CHENNAI: The agitation against the ban on jallikattu may have been one of the biggest agitations for a political cause, but the protests, with a strong current of Tamil identity, seem to have had no gainers among political parties. Unlike the 1965 anti-Hindi agitation, which began after months of campaigning by the Dravida Munnetra Kazhagam (DMK), the ‘Tamil Spring’, the name given to jallikattu protests, had no origin in a political party and was started by students with no political leanings whatever.
The major opposition party, the DMK could not take advantage of the situation even though its working president M.K. Stalin tried to be in the limelight by organising a rail roko and a hunger strike later. He was not allowed by the protesters to participate in the Marina agitations and his colleagues throughout the state too were sent back with strong slogans. Despite the strong resentment against the Central and state governments, the opposition parties were not allowed any political mileage by the protesters. However, the police action on the protesters on the last day gave a ray of hope for the DMK, which is trying to brand the All India Anna Dravida Munnetra Kazhagam (AIADMK) government as a puppet of the Bharatiya Janata Party government at the Centre.
Another opposition party, the PMK too tried to get involved in the issue by announcing support to defiance of the jallikattu ban, but the protesters ignored the PMK too. The PWA parties too were left not able to establish a link with the agitations. Even a strong pro-Tamil outfit like the Naam Thamizhar Party was not able to get a foothold among the protesters, who sent back its leader P. Seeman when he arrived in a boat to support them. MDMK leader Vaiko stayed away from the protests, only occasionally coming out with statements and a letter to the PM in support of the protesters. Although the agitation did not benefit anyone, it stoked fierce anti-BJP sentiments right from the beginning and the saffron party’s plan of gaining a toehold in the Dravidian land has now taken a battering.
The police excesses towards the end affected the ruling AIADMK’s image and the goodwill the chief minister O. Panneerselvam could have won. Having struggled hard to get back jallikattu, the state government failed to ensure safety norms in the first event at Pudukottai. The jallikattu organisers who were stung by allegations of torturing bulls are keener than the officials to follow the regulations. As per the new procedure, jallikattu could be conducted by an individual, an organisation or group in places and on days notified by the Government after obtaining permission from the district collector. On his part, the collector will not only register the names of the organisers but also inspect the jallikattu venue and also form a Jallikattu Committee with officials from the Revenue, Animal Husbandry, Police and Health departments to oversee the conduct of the sport, besides ensuring it is conducted in conformity with the rules.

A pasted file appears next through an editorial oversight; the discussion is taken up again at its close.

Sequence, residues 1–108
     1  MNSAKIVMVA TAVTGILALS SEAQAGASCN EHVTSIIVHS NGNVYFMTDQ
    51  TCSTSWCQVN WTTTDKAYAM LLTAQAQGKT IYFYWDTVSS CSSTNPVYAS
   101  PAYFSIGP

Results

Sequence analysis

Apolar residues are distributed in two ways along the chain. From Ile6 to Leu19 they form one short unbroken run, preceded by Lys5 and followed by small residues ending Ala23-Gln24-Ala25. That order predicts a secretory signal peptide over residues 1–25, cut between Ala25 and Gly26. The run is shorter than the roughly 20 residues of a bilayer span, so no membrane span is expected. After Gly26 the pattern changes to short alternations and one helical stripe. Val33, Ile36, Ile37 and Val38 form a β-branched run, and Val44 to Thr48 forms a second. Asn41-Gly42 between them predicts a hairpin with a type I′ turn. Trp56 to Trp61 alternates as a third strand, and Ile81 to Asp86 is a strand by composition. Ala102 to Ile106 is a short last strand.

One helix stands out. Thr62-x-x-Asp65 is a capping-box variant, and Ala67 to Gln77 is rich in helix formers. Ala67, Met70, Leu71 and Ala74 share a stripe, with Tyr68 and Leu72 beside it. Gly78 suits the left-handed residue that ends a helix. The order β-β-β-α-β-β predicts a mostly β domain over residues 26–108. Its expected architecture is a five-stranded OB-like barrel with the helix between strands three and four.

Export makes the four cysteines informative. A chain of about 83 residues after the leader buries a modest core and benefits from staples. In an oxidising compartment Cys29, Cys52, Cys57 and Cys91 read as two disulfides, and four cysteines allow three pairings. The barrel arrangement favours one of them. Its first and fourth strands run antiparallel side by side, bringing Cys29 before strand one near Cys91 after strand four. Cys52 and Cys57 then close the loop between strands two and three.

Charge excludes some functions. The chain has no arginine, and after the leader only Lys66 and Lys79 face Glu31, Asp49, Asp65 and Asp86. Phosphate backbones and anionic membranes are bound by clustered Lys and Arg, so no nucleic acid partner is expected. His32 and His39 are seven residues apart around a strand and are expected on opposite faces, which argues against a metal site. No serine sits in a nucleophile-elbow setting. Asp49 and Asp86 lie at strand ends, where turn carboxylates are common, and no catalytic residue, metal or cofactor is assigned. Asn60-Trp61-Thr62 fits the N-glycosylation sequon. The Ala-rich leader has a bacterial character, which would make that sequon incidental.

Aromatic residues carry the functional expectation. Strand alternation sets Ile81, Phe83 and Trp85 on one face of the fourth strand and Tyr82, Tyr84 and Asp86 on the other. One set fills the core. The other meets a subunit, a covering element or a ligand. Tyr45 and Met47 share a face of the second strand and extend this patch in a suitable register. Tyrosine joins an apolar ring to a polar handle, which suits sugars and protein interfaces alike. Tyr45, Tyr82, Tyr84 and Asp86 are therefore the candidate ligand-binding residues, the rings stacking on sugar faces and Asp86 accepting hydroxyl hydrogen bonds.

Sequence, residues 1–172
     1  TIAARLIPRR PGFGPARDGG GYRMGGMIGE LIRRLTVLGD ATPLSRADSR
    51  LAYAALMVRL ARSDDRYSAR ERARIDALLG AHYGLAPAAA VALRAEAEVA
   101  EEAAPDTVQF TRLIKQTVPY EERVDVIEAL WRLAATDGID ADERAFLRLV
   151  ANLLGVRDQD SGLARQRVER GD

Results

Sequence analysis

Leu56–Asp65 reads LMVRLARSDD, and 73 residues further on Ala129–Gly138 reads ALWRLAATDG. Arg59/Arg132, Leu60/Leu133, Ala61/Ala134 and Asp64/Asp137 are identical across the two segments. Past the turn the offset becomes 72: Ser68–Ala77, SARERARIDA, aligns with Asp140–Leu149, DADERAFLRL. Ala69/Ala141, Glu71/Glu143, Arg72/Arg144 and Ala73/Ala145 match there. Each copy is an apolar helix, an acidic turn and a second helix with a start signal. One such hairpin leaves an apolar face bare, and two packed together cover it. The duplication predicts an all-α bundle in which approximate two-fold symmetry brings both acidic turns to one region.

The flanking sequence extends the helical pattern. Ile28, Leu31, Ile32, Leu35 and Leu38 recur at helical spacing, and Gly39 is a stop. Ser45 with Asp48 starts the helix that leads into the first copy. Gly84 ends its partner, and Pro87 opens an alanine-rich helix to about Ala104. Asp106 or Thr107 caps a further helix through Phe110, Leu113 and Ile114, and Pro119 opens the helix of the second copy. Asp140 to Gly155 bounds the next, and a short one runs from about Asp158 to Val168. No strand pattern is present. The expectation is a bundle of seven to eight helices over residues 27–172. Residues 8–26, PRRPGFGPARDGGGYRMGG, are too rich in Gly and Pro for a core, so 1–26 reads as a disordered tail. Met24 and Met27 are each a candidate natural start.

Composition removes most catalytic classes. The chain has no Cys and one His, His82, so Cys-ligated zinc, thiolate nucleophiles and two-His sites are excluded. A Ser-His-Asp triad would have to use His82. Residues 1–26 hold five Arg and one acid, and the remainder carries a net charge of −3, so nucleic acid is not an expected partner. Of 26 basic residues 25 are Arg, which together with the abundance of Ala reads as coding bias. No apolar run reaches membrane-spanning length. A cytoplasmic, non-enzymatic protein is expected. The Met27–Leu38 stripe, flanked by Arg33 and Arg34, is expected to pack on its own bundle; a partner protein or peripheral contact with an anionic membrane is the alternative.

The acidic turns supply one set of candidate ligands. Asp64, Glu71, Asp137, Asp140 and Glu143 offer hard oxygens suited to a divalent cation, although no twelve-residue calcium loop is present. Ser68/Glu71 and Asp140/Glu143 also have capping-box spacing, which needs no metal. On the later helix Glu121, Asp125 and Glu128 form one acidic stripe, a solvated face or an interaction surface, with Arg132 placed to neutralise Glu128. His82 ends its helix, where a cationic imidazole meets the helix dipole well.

The organisers shall permit the authorities of Animal Husbandry Department to examine the bulls and should not administer drugs or irritants to the bulls. The event will be conducted in an open ground allowing 20 minutes’ rest to the bulls before they are brought into the arena. Each bull shall be provided adequate space to exhibit normal behaviour and be given a minimum space of 60 square feet. The owner of the bull shall always be by the side of the bull to assure the psychological safety and security of the bull. Fixing of closed circuit cameras at vantage points, the arena will be about 50 square metres in area and the bulls have to be embraced by the participants within this demarcated area.
The participants will not be permitted to stand in front of the bulls as they enter the arena or block the exit way. The participants shall be permitted only to embrace the bulls by their hump and run along with the bull for 15 metres or for 30 seconds or sustain three jumps of the bull. The participants shall not hold on to the tail, horns using their hands or restrict the movement of the bulls by holding on to the bulls’ legs. The participants violating these guidelines shall be liable to be debarred from participating further in the event. The 15-metre area shall be liberally strewn with coir pith for cushioning effect to prevent any injuries to the bulls or participants. One of the organisers, Rajasekaran said, “Traditional jallikattu involves only holding on to the hump of bulls. We fought hard only to retrieve this traditional form. There are no problems in adhering to the regulations as we intend to perform Yeru Thazhuval (bull embracing). But, after the jallikattu ban and protests, people from hundreds of villages, who have not seen the sport, want to hold it and the officials should ensure regulations at those places too.”